Samuel Luke Fildes was born in 1844 in Liverpool, England. He was adopted by Mary Fildes, his paternal grandmother. To talk about Luke Fildes is essential to cover some of his grandmother’s life as well, for she was a key influence on his future work.
Mary Fildes was a very engaged political activist and early Suffragette. She was a prominent speaker at the Manchester meeting that would lead to the Peterloo Massacre in 1819. Her engagement, concern for the poor, and political consciousness would surely pass on to her grandson.
Fildes joined the weekly publication of the London Graphic in 1869 when he published the Houseless and Hungry, a realistic and striking engraving depicting a line of several homeless people waiting for a chance to receive tickets that would admit them temporary entrance to the workhouse. This picture was aimed towards the middle class to draw attention to the everyday plight of poor people that were forced to look for shelter in Workhouses. At this time, Fildes was also commissioned to execute illustrations for the English translation of The Man Who Laughs by Victor Hugo.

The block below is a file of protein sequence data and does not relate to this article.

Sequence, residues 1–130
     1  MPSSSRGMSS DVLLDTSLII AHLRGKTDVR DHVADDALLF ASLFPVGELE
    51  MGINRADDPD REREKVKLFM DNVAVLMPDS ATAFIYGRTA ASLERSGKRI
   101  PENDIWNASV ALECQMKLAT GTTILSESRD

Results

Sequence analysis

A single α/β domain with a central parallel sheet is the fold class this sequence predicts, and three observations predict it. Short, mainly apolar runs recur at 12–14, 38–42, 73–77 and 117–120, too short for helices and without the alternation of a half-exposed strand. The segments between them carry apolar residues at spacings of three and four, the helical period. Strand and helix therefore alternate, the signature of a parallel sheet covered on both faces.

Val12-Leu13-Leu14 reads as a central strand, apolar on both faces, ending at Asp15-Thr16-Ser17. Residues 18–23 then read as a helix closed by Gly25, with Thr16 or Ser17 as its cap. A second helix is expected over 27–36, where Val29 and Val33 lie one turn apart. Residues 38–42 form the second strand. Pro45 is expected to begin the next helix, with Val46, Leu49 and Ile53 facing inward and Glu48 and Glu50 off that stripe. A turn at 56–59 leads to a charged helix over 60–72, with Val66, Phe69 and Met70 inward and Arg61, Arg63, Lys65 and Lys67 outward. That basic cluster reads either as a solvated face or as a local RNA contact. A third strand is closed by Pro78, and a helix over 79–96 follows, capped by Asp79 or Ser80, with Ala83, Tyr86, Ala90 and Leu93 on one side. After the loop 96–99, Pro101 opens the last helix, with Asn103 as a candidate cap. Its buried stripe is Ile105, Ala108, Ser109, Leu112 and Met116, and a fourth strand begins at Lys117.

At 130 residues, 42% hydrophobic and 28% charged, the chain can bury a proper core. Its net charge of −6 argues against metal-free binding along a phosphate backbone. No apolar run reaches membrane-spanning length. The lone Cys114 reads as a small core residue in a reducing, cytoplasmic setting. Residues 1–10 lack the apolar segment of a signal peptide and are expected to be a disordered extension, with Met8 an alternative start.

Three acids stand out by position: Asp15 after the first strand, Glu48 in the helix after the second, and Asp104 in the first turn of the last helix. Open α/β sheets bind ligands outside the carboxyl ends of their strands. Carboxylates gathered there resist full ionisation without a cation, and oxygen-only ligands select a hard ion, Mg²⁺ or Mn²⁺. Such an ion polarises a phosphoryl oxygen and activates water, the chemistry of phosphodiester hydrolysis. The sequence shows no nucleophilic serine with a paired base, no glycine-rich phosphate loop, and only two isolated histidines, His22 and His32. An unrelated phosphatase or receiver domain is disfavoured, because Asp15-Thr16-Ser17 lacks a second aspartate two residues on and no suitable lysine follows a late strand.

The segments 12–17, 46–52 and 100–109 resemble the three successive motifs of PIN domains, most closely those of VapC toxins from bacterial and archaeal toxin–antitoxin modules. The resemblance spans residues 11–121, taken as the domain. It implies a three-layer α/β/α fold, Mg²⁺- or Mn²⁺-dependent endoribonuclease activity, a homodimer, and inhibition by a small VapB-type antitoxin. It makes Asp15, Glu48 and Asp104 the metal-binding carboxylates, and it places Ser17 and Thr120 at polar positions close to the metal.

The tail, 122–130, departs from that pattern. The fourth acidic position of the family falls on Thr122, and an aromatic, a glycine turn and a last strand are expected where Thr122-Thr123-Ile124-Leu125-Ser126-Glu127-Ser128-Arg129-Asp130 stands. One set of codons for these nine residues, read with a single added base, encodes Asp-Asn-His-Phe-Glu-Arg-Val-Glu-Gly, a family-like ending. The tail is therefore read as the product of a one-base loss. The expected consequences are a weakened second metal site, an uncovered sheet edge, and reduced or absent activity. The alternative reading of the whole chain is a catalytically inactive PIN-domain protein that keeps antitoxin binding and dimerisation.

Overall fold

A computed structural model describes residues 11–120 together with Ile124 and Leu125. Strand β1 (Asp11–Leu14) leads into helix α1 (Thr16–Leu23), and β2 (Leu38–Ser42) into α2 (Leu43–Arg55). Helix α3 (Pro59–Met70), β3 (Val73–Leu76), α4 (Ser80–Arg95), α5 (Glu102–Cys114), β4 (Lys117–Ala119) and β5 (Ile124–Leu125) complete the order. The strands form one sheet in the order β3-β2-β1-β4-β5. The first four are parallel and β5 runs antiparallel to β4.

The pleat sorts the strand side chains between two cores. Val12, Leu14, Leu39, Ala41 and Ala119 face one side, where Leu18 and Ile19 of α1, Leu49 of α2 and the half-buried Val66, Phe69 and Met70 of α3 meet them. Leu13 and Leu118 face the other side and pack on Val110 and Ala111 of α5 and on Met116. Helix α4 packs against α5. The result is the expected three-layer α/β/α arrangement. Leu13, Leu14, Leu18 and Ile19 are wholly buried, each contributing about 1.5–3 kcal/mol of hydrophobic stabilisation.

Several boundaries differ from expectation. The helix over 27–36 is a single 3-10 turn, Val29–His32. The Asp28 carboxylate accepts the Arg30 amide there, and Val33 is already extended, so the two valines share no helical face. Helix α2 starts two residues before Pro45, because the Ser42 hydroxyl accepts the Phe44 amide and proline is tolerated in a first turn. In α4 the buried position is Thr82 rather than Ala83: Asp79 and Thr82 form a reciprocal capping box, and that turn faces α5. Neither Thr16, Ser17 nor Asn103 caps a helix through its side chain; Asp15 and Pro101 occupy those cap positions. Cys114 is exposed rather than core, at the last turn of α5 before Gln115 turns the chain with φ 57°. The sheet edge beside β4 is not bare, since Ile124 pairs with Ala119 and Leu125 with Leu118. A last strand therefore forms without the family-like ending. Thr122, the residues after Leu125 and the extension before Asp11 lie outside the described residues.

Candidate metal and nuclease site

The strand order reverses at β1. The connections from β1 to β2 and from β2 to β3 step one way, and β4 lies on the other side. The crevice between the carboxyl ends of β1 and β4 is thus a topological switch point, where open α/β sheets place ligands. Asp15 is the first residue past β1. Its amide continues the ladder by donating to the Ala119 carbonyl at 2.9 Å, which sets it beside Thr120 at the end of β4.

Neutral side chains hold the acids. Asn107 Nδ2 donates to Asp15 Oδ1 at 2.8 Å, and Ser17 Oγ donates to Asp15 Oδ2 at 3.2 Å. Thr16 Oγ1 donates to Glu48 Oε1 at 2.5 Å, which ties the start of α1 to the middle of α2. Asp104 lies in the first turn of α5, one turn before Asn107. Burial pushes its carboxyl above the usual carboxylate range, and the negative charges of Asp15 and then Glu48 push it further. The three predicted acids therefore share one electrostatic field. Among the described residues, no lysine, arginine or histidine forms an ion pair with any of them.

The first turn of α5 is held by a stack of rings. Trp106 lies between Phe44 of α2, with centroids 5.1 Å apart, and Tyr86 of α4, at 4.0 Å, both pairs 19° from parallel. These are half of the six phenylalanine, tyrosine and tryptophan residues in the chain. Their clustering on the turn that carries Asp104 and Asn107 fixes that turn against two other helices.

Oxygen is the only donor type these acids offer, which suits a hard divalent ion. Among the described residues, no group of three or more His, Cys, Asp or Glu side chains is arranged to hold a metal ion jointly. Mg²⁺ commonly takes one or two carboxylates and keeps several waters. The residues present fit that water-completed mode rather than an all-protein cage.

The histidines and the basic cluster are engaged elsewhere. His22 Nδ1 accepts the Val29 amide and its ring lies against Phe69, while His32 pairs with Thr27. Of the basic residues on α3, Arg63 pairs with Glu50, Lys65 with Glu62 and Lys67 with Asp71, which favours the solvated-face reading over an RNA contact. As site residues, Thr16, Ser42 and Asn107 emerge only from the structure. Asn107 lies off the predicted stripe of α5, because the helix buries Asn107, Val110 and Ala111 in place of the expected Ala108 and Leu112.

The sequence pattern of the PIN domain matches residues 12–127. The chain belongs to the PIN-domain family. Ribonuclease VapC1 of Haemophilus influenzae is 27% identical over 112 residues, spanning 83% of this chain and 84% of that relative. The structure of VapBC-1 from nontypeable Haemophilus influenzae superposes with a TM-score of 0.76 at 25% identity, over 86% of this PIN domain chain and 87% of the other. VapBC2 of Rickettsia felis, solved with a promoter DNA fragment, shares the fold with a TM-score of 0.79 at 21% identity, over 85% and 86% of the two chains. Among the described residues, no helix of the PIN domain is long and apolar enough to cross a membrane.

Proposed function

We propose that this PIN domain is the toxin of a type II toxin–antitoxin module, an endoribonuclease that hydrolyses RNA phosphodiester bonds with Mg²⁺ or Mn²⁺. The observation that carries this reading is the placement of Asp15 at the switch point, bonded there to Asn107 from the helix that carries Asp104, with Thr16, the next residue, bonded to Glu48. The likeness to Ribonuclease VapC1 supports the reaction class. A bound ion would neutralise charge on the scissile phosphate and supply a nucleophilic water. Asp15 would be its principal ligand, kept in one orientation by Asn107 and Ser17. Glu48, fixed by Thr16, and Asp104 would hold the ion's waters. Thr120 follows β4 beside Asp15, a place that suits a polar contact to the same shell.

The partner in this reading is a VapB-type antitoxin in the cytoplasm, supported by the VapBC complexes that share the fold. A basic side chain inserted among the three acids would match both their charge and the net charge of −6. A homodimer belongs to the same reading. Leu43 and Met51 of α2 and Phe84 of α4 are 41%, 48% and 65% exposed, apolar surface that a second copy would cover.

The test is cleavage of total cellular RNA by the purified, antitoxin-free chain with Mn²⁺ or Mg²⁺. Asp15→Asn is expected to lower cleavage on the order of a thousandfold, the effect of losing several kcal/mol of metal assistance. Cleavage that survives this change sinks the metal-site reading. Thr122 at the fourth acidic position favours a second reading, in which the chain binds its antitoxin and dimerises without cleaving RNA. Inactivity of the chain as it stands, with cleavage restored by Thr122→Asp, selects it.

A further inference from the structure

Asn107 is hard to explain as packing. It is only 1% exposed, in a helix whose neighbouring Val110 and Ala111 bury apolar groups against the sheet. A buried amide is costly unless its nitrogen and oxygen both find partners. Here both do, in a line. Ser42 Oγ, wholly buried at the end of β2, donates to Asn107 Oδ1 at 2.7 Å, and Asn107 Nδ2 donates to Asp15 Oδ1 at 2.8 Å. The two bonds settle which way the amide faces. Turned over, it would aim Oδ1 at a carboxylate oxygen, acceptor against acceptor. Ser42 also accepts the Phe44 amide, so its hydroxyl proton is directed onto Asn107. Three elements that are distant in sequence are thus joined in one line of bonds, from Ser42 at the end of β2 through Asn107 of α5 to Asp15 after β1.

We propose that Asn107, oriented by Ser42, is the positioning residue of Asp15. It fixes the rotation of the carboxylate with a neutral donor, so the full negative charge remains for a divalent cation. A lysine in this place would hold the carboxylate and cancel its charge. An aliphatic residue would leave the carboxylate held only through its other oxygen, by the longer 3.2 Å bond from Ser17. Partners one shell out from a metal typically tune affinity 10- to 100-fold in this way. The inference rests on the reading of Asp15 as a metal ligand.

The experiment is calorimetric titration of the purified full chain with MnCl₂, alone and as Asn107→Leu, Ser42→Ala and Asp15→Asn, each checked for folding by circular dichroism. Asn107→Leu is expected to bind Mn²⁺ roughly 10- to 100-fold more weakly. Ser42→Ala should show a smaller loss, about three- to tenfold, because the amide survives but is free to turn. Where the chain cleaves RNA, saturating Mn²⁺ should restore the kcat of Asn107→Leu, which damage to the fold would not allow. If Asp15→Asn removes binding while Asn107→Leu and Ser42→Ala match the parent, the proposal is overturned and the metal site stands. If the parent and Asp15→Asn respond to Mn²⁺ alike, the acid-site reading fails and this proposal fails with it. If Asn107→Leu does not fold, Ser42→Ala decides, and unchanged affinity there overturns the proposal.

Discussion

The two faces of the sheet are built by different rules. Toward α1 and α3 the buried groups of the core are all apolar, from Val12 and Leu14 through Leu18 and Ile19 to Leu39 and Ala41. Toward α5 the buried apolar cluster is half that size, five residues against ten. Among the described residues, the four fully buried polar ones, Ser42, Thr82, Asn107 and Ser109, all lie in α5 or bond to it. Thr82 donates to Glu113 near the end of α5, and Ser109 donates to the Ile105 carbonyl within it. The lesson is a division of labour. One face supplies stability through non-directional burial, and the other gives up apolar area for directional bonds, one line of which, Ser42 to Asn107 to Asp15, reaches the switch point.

Whilst Fildes was working at The Graphic, Charles Dickens was desperate to find a new illustrator, a task that aided by the artists William Powell Frith and John Everett Millais, that promptly recommended Fildes. The choice was based on Fildes’ combination of new aesthetic ideals allied with a keen social consciousness of an older generation, such as George Cruikshank, Hablot Knight Browne, and Robert Seymour.
By the late 1870s, Fildes was already established as an artist, much so he was able to leave illustrating books to devote himself entirely to oil painting. In 1877, he was elected as an Associate Member of the Royal Academy.
He achieved recognition among English painters with many distinguished paintings, such as The Wedding, Alfresco, Applicants for Admission To a Casual-Ward, and The Doctor. The latter is especially noteworthy, for it is inspired by the death of his son, Philip, a victim of Typhoid in 1877. The painting carries a crushing atmosphere, depicting a doctor looking upon his dying offspring. This picture is now at the Tate Britain Museum.
One of his sons also became a distinguished figure. Sir Paul Fildes was a microbiologist and pathologist. At the World War II, Paul Fildes worked developing chemical-biological weaponry.
Sir Samuel Luke Fildes died in 1927.